CAN-SPAM Regulations

Email Marketing That is Regulatory Compliant
(from Informz, www.informz.com)

CAN-SPAM regulatory compliance is vitally important to the success of your organization's email marketing communications.

Informz is dedicated to providing your association, nonprofit or member organization with a reliable email marketing program and supporting services that comply to the CAN-SPAM Act, so your email communications achieve their full potential in the scope of your communications strategy.

CAN-SPAM Compliant Email Marketing Campaigns

The rules and laws governing email are ever-changing. Our ISP Relations Team reliably monitors, evaluates, studies and contributes to the latest in email regulations and best practices worldwide.

What is the CAN-SPAM Act?

The CAN-SPAM Act is designed to establish requirements for commercial email messages, enable email recipients  to stop you from sending them unwanted emails, and outlines tough penalties for violations of this email law.

How Informz Email Marketing Platform Complies With 4 Major Points of CAN-SPAM Act:

  • Discourage the use of false or misleading email headers.
  • Educate our clients to help prevent use of deceptive subject lines in emails.
  • Provide clear and conspicuous opt-out mechanisms in every email campaign and newsletter.
  • Integrate a valid physical postal address in every email or newsletter you send.

Penalties For Violating the CAN-SPAM Act

The CAN-SPAM Act outlines strict penalties for violators. Violators of the CAN-SPAM Act may be subject to "cease and desist" orders or penalties from the FTC (Federal Trade Commission) of up to $16,000 per violation.

In the case of egregious offenders, criminal prosecution is also possible, which can also result in penalties such as fines, forfeiture of equipment and proceeds. The worst offenders of the CAN-SPAM Act can also be subject to prison time.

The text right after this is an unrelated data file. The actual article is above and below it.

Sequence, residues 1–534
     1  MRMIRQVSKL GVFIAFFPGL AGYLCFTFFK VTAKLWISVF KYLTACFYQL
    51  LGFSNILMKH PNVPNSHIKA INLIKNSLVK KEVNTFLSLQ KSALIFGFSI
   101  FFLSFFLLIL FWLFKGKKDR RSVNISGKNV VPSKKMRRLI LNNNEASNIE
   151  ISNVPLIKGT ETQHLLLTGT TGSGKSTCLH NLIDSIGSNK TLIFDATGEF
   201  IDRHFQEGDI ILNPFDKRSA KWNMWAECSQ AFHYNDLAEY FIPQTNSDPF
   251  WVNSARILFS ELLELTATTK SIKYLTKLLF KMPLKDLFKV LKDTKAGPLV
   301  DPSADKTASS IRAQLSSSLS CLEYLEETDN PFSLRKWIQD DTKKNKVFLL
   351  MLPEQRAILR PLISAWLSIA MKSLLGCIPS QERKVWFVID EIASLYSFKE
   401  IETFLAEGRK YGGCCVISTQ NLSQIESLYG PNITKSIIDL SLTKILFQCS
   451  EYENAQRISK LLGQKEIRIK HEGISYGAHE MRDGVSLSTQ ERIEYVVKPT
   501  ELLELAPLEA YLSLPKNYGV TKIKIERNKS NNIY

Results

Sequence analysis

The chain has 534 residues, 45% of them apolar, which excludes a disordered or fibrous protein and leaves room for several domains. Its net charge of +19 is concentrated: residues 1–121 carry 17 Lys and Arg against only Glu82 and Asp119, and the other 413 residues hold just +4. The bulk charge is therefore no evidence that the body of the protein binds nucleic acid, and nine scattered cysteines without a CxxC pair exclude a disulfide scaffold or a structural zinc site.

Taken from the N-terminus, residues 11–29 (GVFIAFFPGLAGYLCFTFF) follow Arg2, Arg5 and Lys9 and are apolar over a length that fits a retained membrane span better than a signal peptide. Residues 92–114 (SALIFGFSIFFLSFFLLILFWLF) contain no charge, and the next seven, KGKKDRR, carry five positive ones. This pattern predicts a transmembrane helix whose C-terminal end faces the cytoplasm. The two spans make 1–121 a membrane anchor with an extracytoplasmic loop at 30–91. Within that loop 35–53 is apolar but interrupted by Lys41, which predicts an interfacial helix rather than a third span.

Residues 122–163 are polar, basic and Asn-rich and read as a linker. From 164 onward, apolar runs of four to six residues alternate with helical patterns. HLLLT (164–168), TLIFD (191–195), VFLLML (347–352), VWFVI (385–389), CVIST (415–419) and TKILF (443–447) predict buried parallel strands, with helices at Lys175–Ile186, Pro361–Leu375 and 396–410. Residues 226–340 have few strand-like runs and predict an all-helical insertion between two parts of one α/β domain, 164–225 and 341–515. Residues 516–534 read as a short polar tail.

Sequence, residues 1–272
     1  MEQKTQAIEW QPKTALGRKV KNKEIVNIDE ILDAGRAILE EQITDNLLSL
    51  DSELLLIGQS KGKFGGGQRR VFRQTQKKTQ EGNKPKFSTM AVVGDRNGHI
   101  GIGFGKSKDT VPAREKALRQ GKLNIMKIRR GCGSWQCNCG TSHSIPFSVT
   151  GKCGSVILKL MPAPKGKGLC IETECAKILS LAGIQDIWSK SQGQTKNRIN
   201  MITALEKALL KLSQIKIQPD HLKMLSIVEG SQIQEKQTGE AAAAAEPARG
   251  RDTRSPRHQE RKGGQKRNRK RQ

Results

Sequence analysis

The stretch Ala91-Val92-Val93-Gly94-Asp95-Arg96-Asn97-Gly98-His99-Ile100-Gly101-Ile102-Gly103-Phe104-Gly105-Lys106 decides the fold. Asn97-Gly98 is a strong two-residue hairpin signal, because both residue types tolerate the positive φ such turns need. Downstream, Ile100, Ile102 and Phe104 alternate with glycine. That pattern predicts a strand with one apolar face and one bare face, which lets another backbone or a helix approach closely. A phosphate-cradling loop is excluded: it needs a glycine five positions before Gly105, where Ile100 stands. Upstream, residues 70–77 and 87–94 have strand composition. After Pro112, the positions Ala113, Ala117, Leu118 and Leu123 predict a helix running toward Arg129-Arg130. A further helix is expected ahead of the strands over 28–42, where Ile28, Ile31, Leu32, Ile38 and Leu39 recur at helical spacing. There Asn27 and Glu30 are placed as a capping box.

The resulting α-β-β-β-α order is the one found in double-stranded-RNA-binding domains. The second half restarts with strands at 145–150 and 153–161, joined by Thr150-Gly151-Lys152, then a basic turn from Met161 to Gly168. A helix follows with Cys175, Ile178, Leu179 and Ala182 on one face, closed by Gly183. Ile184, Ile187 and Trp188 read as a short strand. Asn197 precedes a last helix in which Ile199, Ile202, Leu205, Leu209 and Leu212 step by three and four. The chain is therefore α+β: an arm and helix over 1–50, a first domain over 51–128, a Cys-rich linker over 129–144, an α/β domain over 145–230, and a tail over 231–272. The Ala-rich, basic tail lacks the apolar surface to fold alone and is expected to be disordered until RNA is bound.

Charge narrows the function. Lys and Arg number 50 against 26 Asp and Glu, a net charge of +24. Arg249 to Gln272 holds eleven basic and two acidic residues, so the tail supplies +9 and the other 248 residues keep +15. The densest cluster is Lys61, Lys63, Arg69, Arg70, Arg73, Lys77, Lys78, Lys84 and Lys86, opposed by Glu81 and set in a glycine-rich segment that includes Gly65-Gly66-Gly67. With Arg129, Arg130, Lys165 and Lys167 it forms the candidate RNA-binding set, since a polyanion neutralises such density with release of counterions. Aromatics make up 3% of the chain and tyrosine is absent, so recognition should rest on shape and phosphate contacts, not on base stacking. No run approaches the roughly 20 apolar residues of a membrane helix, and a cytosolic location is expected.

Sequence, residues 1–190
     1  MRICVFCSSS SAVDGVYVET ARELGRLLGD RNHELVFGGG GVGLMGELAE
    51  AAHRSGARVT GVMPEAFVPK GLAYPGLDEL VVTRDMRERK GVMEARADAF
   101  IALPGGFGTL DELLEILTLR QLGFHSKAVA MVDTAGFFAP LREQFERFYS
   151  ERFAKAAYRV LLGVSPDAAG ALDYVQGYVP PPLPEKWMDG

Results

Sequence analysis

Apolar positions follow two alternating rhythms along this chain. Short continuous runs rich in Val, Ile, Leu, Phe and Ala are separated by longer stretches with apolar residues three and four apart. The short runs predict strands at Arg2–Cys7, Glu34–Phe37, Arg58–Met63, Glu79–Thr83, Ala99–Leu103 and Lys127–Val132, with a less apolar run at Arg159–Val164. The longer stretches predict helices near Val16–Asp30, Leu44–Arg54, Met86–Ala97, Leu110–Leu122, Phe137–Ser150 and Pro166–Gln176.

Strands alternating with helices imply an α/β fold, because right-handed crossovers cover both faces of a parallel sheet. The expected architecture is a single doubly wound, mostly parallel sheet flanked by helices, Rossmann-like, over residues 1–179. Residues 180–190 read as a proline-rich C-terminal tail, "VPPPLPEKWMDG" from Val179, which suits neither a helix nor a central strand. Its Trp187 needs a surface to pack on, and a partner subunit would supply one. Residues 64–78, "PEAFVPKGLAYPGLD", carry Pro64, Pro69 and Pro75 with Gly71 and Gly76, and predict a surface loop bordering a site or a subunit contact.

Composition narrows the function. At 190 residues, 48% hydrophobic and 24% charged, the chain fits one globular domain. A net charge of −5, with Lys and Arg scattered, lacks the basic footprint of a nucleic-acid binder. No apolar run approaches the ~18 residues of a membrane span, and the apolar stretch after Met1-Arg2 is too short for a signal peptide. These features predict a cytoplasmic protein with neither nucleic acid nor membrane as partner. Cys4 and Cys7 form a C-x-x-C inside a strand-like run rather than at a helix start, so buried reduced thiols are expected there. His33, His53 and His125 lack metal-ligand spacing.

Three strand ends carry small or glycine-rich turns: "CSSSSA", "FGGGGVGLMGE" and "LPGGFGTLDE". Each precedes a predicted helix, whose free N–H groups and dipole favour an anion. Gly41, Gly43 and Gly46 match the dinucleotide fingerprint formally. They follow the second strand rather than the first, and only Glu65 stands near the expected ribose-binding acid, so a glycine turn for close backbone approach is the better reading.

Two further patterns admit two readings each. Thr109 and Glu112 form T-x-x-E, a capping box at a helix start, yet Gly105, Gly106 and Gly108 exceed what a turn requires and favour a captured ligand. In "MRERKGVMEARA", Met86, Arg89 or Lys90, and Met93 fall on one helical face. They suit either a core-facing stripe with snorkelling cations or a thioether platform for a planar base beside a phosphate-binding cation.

10 Point CAN-SPAM Checklist (basic)

  • Don't use fraudulent transmission data, such as open relays and false headers (sections 4(a), 5(a)(1), and 6).
  • Don't use misleading sender or subject lines (section 5(a)(1) and 5(a)(2)).
  • Add your postal address to all email (section 5(a)(3) and 5(a)(5)(A)(iii)).
  • If your email list isn't opt-in or double opt-in ("prior affirmative consent"), include a clear notice that states the email is an advertisement or solicitation in commercial messages (section 5(a)(5)(A)(i)). If your list is opt-in or double opt-in, you're exempt from this provision.
  • Include a "clear and conspicuous" unsubscribe mechanism in every email (section 5(a)(5)(A)(ii)).
  • Have a process for handling unsubscribes within the 10-day window. Ensure this is in place electronically, as well as for unsubscribes received via postal mail (and any other contact information you include in the email, such as phone and fax) (section 5(a)(4)).
  • Offer recipients a way to receive some types of email from you while blocking others, along with a "global unsubscribe" option to stop all future email from your organization (section 5(a)(3)(B)).
  • Don't share the address of a person who unsubscribed with any other entity seeking to send that party email (section 5(a)(4)).
  • Don't harvest email addresses or use automated means to randomly generate addresses (section 5(b)(1)).
  • Remove any sexually oriented material from your messages. The law requires such material be readily identified in the subject line. When "initially viewed," the message body should include only instructions on how to access the sexually oriented material, as well as your postal address, a notice the message is an advertisement or a solicitation, and a working unsubscribe mechanism (section 5(d)(1)). You can ignore this if the message is sent to someone who opted in (section 5(d)(2)).

 

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